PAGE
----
That knowledge is where you find it, so you can’t limit yourself to where you go for information. That’s a very key issue, and I hope how important that is is conveyed in my book.

Do you have a best piece of advice that you live by?

No, but I received so much advice it’s hard to single any one thing out. But the whole concept of education, knowledge is power. I think that is the key fact that I’m trying to convey.

How did you learn about the importance of education?

Education was something that was emphasized in my family. My grandmother absolutely and my mom was always on me, wanting to know if I made the honor roll. So it became something that I understood was crucial to my success.

What are your thoughts on LeBron James going to the Lakers?

LeBron is one of the most dynamic and charismatic players in the history of the NBA. He isn’t just a great player, he’s a great showman. It’s no secret that the Lakers have been struggling these past few years to find their rhythm and maturity in order to be serious contenders. LeBron could be the right man to bring the team together.

You are on the 2018 NBA Africa Game trip this week in Johannesburg, South Africa, with a camp leading up to an exhibition game on Saturday. How many trips have you made to Africa, and what does the continent mean to you?

I’ve been to Africa twice. The first time was in 1971 as part of a goodwill tour for the State Department. We visited Tanzania, Algeria, Nigeria, the Ivory Coast, Senegal, Somalia and Mali. Afterward, I made a pilgrimage to Saudi Arabia and then traveled to Cairo, Egypt. In 1973, I returned for five weeks to study Arabic. This is my first trip to South Africa.

People who are part of a diaspora, who are forcibly removed from their native land, always long for a homeland where they can feel accepted. This is especially true of African-Americans in America who face a constant struggle for equal treatment and equal opportunity. It’s exhausting to have to keep fighting, and it’s disheartening to keep reminding white people why we have to keep fighting.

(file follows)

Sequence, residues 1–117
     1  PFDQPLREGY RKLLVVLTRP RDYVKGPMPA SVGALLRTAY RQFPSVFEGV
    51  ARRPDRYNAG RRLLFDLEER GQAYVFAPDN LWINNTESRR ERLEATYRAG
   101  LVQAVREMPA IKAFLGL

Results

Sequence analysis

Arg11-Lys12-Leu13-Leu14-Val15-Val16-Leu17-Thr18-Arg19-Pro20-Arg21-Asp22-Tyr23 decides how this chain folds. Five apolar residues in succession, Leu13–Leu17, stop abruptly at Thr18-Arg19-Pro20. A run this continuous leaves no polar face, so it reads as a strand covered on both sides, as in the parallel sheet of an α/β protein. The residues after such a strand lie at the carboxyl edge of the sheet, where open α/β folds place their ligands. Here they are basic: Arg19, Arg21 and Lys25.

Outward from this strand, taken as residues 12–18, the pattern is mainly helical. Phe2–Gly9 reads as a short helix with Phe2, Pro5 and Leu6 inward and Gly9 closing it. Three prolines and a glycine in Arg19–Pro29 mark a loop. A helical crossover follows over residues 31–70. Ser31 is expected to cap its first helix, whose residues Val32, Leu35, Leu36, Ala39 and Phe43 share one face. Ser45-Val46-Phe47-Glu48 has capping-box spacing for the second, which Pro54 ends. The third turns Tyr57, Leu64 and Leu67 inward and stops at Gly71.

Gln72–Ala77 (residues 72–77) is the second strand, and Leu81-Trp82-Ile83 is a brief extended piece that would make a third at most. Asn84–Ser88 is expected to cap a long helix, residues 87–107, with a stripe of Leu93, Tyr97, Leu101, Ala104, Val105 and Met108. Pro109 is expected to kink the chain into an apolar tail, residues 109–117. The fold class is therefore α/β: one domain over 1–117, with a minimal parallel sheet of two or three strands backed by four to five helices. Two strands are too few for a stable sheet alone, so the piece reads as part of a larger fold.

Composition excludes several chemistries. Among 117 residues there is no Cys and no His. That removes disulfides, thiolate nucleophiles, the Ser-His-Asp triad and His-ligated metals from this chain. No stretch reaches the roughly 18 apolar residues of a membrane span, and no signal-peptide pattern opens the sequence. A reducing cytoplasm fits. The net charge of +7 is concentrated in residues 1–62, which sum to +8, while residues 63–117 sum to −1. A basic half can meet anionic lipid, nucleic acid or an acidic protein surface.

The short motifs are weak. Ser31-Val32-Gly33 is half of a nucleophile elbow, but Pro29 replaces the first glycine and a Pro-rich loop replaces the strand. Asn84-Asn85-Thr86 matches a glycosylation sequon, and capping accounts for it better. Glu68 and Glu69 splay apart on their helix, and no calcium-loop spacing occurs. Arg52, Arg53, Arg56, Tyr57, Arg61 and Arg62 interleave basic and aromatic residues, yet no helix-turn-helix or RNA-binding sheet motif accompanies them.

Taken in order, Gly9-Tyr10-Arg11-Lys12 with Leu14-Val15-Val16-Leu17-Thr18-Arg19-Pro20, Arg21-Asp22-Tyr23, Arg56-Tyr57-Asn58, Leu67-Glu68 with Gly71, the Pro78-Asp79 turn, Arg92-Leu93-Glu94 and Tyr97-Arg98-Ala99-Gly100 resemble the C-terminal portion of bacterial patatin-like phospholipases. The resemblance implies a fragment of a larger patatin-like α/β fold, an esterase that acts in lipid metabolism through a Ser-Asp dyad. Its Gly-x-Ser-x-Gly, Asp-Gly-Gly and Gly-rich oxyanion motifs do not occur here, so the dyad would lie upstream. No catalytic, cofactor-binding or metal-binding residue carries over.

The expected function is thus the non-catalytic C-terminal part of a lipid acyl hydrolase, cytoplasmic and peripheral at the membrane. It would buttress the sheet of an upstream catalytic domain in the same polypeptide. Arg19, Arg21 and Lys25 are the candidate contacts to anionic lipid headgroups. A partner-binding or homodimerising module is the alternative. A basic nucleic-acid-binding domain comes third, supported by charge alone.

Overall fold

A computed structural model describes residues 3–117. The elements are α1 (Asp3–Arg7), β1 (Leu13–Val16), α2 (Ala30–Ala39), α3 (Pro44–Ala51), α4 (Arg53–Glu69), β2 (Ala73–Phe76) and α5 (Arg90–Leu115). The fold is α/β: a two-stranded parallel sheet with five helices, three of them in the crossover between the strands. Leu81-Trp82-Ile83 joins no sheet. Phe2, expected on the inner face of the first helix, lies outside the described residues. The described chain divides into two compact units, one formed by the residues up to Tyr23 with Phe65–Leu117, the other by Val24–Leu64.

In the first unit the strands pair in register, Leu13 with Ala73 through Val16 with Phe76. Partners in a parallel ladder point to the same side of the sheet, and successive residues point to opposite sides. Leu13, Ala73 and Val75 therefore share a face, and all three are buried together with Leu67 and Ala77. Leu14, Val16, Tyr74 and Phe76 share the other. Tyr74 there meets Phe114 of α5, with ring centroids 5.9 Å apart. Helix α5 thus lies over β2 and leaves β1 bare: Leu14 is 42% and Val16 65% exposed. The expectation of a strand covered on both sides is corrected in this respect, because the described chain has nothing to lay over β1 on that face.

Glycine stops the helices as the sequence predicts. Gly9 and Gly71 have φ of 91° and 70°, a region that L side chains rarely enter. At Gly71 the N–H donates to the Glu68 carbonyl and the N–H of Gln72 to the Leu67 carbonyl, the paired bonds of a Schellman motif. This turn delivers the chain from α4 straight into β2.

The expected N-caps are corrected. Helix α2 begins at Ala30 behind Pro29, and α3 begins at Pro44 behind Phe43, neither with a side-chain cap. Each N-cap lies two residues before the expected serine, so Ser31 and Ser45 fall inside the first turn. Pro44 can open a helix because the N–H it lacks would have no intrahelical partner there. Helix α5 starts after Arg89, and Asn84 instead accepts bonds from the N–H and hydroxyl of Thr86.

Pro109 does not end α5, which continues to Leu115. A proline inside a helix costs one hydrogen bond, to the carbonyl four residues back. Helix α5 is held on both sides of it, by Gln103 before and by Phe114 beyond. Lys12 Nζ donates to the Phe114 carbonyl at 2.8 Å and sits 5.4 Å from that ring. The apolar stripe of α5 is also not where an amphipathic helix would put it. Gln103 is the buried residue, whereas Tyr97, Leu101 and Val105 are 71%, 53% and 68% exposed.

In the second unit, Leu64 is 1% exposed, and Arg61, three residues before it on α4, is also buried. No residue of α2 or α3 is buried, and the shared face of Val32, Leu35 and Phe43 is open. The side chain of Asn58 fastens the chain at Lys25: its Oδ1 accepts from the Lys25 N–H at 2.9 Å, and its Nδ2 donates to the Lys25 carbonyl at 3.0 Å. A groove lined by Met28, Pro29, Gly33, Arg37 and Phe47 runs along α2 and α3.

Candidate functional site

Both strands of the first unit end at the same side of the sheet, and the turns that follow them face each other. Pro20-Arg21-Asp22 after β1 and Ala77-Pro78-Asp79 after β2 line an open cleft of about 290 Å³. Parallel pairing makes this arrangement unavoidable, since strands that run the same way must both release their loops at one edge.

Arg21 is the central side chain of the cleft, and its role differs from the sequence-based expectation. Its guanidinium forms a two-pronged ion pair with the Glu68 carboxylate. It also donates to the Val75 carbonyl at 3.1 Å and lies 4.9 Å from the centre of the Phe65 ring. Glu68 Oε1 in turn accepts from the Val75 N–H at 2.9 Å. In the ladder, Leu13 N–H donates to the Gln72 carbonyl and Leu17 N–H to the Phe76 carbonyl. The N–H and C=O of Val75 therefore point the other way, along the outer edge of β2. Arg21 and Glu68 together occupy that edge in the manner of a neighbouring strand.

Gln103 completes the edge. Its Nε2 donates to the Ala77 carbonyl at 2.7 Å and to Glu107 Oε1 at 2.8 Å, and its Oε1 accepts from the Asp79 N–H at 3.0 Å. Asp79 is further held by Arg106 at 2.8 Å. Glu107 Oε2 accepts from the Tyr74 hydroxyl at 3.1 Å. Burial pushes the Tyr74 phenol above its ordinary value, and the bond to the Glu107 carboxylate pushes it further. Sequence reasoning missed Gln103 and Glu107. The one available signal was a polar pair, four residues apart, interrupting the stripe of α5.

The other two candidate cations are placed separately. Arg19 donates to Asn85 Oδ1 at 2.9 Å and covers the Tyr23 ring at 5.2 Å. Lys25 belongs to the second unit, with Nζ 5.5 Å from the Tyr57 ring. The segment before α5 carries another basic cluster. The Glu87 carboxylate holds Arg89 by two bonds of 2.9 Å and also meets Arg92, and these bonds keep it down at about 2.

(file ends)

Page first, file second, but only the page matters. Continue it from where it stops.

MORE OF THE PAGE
So while I love America for wanting to be better, for always striving to overcome injustice, for valiantly trying to uphold the principles of the Constitution, in Africa I feel like I can exhale. When a black person walks into a room that is mostly white, there’s a tension in the body because you never know who will say what. Sometimes it’s a deliberate insult, other times it’s just an ignorant comment. That’s not to say all black people are friends, but when I walk into a room of mostly black people, I know the racism card is off the table.

Africa is not a utopia for black people. It is filled with all the same corruption, violence and poverty as many white countries. But at least it’s black people trying to solve their own problems. That does not mean that the rest of the world should not help; after all, Africa had been exploited by Europeans and Americans for centuries. They owe a little restitution.

So what does Africa mean to me? It means a hope for the future that white and black people can work together to restore the economic and political integrity of the continent as a real home and cultural home for blacks worldwide.

Do you ever sit back and say, and not just when it comes to basketball, I’ve led a really intriguing, amazing life?

Well, yeah, I feel I’ve been very fortunate just to have the opportunities that I’ve had and been able to take advantage of.

Marc J. Spears is the senior NBA writer for The Undefeated. He used to be able to dunk on you, but he hasn’t been able to in years and his knees still hurt.